Forum Replies Created
31st July 2015, 10:03 at 10:03 am #302731
This is the worst (that I can think of) for Ricciardo. Formula Renault 3.5, Silverstone 2010.29th July 2015, 7:46 at 7:46 am #30265328th July 2015, 20:10 at 8:10 pm #302637
@npf1 While dramatic, surely the Nurburgring crash wasn’t as bad as Silverstone last year, or Monza 2007?28th July 2015, 19:26 at 7:26 pm #302631
The most emotional I’ve ever been watching an F1 race was this Sunday. The minute of silence in Bianchi’s memory before the start was heart-breaking…
Also, it was really poignant when the drivers picked up their helmets to get ready for the start, and one helmet remained on the ground.28th July 2015, 19:19 at 7:19 pm #302629
2013 Canadian GP – the first time Vettel, Alonso and Hamilton shared the podium. Would happen later in the year again, in Spa.
2008 Hungarian GP – Kovalainen winning from Glock and Raikkonen.
2014 Australian GP – Rosberg joined by local hero Ricciardo (even if he would later be disqualified) on his first race for Red Bull, and Magnussen who impressed on his debut.20th July 2015, 21:15 at 9:15 pm #302107
And this one from a GP2 Asia race in Abu Dhabi in 2010 – the first race that I watched Bianchi in. A GP2 Asia race in Abu Dhabi, where he impressed with a recovery drive. On that weekend he was very quick, good at passing and at times over-agressive – which I feel all remained with him all the way through to Suzuka.
I especially enjoyed his unintentional pass he made on someone while defending his position.
(The video is not very well edited)20th July 2015, 21:07 at 9:07 pm #302106
A chaotic Formula Renault 3.5 race at Silverstone in 2012. It was very wet, and Bianchi drove to victory while many others failed to stay on the track.13th July 2015, 8:02 at 8:02 am #301869
@fastiesty Good point – hopefully it’s a lesson learnt!
Looking at the replays, Latifi really might have done better to avoid Merhi – I guess it took him by surprise. Doesn’t make it anything less than Merhi’s fault, though.
Here’s Merhi’s explanation. Does anyone believe him?
Unfortunate accident.Glad nobody was hurt. I Went to the right cause suspension problem after turn1 touch to get out. Sanction inexplainable
— Roberto Merhi (@robertomerhi) July 12, 201512th July 2015, 20:26 at 8:26 pm #301861
Dillmann, who was right behind Latifi before the crash and had to take evasive action, believes Merhi tried to lay down rubber on his second race grid spot (2nd place).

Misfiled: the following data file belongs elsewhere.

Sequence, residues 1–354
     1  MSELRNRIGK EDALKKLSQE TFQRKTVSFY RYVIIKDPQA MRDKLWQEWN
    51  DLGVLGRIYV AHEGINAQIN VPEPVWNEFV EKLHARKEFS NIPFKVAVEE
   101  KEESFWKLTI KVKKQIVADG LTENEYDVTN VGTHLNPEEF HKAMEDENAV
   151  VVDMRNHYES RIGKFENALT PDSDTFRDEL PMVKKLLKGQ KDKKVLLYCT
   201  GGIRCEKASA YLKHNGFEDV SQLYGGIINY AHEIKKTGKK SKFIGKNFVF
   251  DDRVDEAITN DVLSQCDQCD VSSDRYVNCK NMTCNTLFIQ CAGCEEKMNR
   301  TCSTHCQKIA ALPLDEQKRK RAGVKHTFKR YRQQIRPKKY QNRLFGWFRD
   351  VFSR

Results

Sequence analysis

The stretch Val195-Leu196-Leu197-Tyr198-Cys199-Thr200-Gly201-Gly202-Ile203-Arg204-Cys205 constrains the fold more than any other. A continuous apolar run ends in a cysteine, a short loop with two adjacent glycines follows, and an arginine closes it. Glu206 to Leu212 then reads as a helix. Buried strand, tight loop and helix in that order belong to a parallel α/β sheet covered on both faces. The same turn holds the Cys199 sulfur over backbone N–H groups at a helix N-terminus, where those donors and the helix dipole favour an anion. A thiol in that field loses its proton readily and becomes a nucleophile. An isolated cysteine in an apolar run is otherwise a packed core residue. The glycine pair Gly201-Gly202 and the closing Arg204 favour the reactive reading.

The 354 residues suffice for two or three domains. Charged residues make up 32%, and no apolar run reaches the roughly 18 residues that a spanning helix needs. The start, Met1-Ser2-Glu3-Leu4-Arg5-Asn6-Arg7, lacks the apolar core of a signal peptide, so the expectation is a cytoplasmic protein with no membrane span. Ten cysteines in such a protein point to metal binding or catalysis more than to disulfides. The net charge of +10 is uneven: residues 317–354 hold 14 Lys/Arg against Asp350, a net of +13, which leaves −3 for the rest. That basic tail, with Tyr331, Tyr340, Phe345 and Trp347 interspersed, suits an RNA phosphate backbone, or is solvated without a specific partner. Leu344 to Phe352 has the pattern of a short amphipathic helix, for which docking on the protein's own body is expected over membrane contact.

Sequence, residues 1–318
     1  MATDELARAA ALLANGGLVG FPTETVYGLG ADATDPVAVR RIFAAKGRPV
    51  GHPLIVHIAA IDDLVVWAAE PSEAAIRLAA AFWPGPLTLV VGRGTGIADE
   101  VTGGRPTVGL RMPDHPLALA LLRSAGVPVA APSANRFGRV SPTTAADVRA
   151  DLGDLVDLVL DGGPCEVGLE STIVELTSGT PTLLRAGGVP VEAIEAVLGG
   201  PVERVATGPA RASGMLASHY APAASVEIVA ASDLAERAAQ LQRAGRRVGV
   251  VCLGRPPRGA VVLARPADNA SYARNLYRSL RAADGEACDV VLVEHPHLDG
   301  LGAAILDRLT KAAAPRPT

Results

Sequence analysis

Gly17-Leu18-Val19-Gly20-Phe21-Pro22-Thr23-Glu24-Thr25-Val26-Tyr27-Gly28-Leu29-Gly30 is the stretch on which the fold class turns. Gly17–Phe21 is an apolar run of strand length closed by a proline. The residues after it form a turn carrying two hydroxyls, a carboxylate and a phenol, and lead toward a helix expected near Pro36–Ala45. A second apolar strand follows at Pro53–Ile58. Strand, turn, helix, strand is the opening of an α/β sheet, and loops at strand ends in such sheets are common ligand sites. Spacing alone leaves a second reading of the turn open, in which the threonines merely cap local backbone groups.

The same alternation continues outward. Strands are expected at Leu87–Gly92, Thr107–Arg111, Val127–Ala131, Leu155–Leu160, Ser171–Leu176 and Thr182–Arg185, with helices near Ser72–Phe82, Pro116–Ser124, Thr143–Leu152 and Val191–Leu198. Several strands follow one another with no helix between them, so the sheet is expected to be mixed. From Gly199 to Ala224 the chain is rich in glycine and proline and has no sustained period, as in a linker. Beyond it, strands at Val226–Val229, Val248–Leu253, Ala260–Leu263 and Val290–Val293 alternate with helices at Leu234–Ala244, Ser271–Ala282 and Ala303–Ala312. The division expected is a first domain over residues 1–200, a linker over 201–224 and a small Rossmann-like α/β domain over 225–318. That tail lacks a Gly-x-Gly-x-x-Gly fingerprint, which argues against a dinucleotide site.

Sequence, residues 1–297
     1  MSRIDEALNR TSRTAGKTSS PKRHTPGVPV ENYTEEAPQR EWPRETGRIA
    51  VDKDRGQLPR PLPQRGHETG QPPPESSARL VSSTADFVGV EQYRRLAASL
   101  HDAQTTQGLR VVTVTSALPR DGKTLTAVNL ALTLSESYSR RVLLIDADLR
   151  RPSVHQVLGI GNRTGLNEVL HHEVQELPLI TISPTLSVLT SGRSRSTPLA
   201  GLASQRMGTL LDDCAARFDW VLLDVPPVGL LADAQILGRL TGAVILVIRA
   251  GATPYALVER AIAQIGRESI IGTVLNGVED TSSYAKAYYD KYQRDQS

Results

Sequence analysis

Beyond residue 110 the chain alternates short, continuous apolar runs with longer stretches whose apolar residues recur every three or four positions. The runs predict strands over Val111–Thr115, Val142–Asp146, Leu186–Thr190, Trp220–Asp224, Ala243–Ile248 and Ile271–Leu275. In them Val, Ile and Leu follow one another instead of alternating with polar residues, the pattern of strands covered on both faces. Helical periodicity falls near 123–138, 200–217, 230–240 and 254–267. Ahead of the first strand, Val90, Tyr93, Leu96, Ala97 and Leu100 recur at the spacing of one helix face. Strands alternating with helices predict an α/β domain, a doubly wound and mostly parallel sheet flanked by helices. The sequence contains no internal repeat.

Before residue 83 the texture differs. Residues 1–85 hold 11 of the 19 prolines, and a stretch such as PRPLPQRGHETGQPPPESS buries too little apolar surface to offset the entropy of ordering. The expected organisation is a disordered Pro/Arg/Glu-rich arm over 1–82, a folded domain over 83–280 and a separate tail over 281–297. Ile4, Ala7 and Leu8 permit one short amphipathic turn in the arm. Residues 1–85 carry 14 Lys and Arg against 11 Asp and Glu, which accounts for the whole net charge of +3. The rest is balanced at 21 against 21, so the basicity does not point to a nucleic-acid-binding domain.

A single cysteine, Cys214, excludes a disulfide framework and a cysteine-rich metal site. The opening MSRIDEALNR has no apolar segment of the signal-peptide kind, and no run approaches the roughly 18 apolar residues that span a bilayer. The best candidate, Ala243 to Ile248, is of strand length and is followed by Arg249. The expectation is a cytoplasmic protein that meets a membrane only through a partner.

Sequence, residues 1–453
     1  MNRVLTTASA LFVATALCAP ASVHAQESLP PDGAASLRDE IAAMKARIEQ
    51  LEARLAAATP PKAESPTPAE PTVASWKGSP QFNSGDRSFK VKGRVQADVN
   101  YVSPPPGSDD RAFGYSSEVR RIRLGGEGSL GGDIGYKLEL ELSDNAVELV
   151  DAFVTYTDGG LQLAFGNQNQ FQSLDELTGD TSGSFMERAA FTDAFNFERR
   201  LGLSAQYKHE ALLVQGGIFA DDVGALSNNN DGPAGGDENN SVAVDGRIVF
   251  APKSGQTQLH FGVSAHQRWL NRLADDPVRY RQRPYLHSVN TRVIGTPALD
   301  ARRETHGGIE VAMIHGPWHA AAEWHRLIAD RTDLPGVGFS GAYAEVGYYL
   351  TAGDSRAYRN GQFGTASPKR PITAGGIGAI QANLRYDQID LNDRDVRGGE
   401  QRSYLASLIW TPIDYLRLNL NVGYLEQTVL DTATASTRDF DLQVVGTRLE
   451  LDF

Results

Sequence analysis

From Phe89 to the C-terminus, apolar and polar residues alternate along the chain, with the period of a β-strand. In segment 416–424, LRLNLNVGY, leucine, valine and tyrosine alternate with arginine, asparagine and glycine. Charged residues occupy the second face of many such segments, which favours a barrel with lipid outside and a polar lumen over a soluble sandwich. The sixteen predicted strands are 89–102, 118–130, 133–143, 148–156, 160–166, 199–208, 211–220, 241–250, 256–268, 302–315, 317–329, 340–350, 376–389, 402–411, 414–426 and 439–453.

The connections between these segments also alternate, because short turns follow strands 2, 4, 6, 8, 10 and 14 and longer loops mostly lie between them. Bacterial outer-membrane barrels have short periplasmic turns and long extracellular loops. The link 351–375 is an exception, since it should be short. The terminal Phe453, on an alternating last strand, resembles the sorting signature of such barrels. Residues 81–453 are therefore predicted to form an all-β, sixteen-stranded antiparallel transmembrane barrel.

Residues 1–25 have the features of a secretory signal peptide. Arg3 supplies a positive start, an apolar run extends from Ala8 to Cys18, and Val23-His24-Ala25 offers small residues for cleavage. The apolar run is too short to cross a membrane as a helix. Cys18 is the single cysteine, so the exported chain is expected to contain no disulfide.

— Tom Dillmann (@TomDillmann) July 12, 2015
The crash happened right in front of me as I was watching the final lap of the race from the grandstand. Unfortunately I can’t provide any interesting insight as I wasn’t paying attention to Merhi until I heard the crash (I was watching those who were still going across the line – didn’t quite expect a crash after the chequered flag). Latifi didn’t look particularly angry with Merhi, though – quite a contrast to Celis, who seemed absolutely furious after the first lap crash (caused by van Buuren I believe), which I also saw first-hand :)11th June 2015, 19:02 at 7:02 pm #299934
I’m considering (not too seriously) going to the test that takes places on the days after the race. Is there somewhere I can get information on tickets and when exactly the test is?1st April 2015, 9:27 at 9:27 am #29567326th February 2015, 8:45 at 8:45 am #292921
My guess would be Roberto Merhi.2nd December 2014, 13:11 at 1:11 pm #287942
@kingshark I didn’t say Hulkenberg was better or as good as Alonso or Hamilton. I’m saying he’s done enough to deserve an opportunity at a big team.2nd December 2014, 8:22 at 8:22 am #287919
@kingshark For Brazil 2012 I’d say it was him that was capable of the podium, more so than the car. He did blew it in Bahrain, but otherwise, he hasn’t really had many podium opportunities…
He is worthy of a top drive because he’s time and time again put a midfield car into a 4th, 5th or 6th place finish when it didn’t deserve to be there. Plus his two immense drives in Interlagos proved how good he is.30th November 2014, 3:15 at 3:15 am #287706
Daniel Ricciardo – Dominant Mercedes slipped up three times in 2014, and Ricciardo was always the one there to capitalise. He was quick from the off, qualifying on the front row in his first race for the team. Throughout the year, he was perfect in wheel-to-wheel with creative overtakes, most notably on his teammate in Monza. For me, the driver of the season.
Lewis Hamilton – What made the difference in the title battle was Hamilton’s racing – he held Rosberg off when he was being caught, and he usually managed to get ahead when he was the one catching. Losing the Mercedes qualifying battle was less impressive.
Valtteri Bottas – Had shown speed and maturity in his rookie season, so Williams’ season has surprised me more than Bottas’ performances. After a slower start to the season, he was often the best non-Mercedes driver and deservedly picked up six podiums, being slightly better than Massa on pace, but much better on consistency. Did make some mistakes, the Melbourne one the most costly.
Nico Rosberg – After winning the qualifying battle with Hamilton, he must be considered as one of the sport’s quickest. His damage limitation in Montreal was incredible, but ultimately his inability to outrace his teammate cost him the title.